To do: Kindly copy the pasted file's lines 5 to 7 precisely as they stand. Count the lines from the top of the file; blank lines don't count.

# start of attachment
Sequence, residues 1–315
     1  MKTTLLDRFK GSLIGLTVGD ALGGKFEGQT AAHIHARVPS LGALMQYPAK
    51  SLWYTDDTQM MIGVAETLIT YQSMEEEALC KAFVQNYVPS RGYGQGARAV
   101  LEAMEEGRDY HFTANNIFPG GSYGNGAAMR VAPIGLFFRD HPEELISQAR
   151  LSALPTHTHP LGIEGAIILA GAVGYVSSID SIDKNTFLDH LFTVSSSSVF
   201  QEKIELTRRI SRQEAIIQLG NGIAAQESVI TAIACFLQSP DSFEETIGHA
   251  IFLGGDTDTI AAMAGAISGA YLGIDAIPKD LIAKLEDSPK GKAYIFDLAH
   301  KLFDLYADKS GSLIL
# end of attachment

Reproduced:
   151  LSALPTHTHP LGIEGAIILA GAVGYVSSID SIDKNTFLDH LFTVSSSSVF
   201  QEKIELTRRI SRQEAIIQLG NGIAAQESVI TAIACFLQSP DSFEETIGHA
   251  IFLGGDTDTI AAMAGAISGA YLGIDAIPKD LIAKLEDSPK GKAYIFDLAH